## Three-Way Minimum Sum Partitions

### November 22, 2019

I had a lot of fun working on this problem:

Given

n, findx,yandzsuch thatx y z=nandx+y+zis minimal; for instance, givenn= 1890, the correct answer is (9 14 15).

Your task is to write a program to find *x*, *y* and *z*. When you are finished, you are welcome to read or run a suggested solution, or to post your own solution or discuss the exercise in the comments below.

The method below is much faster than brute force. First determine all divisors and sort them in decreaing order. Loop for x starting from the cubic root downwards. Divide n by x, determine the sqrt of the result and check if it possible to improve the sum. Break if not possible. Otherwise loop downwards from this sqrt and find the first possible solution.

I will post full code later on ideone.

Full code with some changes is on Ideone.

@Paul: nice – I was thinking on similar lines, but didn’t think of the cutoff on line 10. I think that break on line 22 can be outdented (any smaller divisor than y will have a larger sum). It would be nice to do a binary search through the divisors to find the start points of the iterations.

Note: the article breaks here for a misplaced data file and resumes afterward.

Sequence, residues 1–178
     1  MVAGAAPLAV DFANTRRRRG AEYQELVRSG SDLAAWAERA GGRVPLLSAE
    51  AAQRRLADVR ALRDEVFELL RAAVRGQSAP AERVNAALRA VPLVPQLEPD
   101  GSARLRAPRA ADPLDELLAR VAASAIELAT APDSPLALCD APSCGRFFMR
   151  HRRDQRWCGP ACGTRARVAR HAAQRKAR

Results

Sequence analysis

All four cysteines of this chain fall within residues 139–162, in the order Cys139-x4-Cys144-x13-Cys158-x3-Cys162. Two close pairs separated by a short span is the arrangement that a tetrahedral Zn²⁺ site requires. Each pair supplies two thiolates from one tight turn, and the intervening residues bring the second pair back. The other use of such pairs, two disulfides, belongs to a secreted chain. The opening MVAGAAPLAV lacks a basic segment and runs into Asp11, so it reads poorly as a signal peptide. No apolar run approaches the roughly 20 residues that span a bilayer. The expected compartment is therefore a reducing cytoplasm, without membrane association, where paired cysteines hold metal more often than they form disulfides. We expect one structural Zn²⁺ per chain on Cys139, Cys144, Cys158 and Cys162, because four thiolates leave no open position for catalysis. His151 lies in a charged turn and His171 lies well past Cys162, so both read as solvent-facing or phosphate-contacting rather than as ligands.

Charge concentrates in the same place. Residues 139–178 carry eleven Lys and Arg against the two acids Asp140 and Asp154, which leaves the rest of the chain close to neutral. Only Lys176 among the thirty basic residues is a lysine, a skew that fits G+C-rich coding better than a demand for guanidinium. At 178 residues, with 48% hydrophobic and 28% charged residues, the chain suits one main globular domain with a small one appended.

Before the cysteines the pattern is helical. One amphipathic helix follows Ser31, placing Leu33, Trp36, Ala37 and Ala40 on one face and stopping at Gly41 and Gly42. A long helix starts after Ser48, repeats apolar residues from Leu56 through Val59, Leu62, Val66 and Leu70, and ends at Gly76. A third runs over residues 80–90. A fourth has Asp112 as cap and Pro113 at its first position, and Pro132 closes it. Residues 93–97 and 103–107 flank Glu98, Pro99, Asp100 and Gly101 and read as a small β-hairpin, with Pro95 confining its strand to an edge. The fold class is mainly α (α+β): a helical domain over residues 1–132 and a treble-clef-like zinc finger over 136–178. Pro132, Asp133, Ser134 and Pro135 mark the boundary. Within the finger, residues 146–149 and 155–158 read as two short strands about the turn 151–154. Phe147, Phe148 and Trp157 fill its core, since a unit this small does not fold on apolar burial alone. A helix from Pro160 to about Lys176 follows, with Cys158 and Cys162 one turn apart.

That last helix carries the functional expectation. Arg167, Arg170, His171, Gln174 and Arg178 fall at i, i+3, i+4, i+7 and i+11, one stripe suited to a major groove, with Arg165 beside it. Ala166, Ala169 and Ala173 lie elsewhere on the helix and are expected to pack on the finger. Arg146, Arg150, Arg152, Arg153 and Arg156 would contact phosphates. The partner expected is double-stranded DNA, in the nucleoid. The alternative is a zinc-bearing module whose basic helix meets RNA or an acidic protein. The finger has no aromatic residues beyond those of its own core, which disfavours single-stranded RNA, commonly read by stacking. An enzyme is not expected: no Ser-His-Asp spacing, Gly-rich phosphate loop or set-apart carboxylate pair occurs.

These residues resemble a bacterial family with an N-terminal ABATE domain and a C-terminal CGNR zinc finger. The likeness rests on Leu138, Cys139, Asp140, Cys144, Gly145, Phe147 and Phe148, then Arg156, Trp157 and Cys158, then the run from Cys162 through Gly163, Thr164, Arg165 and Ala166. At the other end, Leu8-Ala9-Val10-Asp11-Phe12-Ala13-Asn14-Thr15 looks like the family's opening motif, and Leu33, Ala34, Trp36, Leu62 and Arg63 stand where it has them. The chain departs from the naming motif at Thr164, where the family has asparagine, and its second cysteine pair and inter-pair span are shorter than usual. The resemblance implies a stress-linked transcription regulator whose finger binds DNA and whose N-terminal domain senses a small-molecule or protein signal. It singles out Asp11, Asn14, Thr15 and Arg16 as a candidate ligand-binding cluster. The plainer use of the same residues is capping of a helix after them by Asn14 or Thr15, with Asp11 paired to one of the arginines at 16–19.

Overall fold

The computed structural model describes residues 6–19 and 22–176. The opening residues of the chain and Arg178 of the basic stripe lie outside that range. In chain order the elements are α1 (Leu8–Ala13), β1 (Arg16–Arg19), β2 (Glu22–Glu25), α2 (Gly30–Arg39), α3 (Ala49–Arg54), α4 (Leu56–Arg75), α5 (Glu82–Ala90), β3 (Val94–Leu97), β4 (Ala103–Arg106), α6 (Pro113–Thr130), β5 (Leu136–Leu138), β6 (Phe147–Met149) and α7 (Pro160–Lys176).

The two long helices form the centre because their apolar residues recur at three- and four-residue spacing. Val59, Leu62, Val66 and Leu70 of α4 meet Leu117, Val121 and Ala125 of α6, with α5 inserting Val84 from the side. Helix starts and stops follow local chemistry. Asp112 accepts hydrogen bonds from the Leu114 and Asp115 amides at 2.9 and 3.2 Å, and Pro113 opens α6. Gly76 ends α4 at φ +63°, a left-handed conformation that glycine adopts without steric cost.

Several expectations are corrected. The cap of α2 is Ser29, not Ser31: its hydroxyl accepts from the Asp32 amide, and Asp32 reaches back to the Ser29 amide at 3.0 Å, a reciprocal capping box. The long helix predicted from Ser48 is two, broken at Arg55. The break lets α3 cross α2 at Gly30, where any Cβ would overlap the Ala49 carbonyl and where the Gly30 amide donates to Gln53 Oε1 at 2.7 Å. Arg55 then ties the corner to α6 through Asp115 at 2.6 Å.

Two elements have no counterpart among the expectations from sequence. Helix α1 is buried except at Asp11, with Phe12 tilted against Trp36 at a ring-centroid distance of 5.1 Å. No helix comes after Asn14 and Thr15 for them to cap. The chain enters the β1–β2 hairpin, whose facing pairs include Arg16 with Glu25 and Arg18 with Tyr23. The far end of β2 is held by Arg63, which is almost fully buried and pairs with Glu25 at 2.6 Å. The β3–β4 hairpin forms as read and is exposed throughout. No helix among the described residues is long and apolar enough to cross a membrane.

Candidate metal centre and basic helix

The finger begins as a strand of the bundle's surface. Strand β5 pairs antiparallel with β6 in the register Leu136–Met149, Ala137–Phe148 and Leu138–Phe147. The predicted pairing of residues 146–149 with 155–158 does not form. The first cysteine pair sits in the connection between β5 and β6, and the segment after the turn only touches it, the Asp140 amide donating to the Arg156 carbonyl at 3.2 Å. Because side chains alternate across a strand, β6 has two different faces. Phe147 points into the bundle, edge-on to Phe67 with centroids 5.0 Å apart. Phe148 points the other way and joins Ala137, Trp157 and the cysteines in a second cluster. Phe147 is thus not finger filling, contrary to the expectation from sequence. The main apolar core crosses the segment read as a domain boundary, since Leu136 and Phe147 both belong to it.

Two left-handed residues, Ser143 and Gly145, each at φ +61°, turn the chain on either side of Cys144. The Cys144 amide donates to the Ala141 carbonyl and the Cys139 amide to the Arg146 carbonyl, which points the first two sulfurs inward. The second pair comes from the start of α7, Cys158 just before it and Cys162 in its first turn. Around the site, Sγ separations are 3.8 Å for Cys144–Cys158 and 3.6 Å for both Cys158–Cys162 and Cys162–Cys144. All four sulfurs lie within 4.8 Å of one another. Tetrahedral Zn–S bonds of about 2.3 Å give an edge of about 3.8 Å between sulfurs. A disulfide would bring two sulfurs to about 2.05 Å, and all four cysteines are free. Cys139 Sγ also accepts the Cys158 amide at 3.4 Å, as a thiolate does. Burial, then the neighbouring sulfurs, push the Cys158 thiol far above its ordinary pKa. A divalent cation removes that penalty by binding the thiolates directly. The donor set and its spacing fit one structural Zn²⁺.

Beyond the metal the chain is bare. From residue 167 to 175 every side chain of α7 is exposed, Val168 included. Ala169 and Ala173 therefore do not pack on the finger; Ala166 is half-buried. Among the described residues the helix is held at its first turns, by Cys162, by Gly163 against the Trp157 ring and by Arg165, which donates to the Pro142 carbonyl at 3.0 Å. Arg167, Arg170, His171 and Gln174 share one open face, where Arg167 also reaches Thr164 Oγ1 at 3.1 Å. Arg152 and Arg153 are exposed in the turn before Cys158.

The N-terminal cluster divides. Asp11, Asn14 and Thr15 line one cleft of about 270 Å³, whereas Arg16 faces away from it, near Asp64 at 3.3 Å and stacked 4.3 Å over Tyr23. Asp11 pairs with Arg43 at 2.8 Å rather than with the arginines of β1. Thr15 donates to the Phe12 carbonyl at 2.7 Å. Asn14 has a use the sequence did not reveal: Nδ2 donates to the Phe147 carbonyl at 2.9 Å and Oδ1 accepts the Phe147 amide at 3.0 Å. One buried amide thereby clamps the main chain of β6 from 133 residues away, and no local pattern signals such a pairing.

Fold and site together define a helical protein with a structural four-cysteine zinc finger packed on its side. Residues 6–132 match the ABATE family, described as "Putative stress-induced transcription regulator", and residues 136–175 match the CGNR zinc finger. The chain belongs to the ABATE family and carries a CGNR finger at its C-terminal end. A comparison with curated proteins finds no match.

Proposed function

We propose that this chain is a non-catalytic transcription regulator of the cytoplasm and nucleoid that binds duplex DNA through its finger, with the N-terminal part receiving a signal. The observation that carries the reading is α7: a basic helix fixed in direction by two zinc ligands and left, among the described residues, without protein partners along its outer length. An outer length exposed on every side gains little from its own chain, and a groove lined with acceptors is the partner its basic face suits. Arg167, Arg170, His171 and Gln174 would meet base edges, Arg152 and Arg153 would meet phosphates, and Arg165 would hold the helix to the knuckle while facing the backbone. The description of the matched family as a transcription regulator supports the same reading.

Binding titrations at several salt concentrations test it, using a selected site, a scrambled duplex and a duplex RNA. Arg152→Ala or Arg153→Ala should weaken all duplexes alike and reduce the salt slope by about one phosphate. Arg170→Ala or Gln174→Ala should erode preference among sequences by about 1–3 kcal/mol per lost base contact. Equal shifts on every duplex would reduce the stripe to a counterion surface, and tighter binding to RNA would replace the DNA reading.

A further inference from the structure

@matthew. I saw also that I could outdent that line (see my Ideone post)

@Paul: So I see, good stuff. I’m wondering if we can remove cubic factors from n before finding the minimum sum, ie. if a+b+c = n is minimal, then is it the case that ka+kb+kc = k^3n is minimal?

@matthew. An interesting idea, but unfortunately there is a counterexample. Take 24=8

3. The best solution is x,y,z = 2, 3, 4 with sum 9. If you solve for n=3 with solution 1,1,3 (sum 5) the total sum is 25=10.@matthew. Formatting caught me here, Of course, I meant 24=8×3 and 2×5=10.

@Paul: nice counterexample. Probably wouldn’t have helped much in the general case anyway.

Here’s a recursive solution in Python that supports an arbitrary number of factors, as opposed to 3 specified in the problem.

Output:

Here’s the recursive solution I posted above, with @Paul’s short-circuiting optimization. It runs noticeably faster now :-), even with the naive integer root function I wrote.

Output:

Klong solution

In addition to the brute force approach, I tried the following 2 alternatives:

1) Iterated the first loop from 1 to the floored cube root of the initial number; and

2) Iterated the first loop from 1 to the floored cube root of the initial number and iterated the 2nd loop from 1 to the floored square root of the quotient of the initial number and the 1st iterator.

The run shows one of the combinations which yields one of the least sums as well as the number of combinations before finding the minimum.

Results from the Klong run:

[Brute force: Answer – [ 9 14 15 ], # Entries – 270]

[Square root: Answer – [ 9 15 14 ], # Entries – 140]

[Cube/Square roots: Answer – [ 9 14 15 ], # Entries – 70]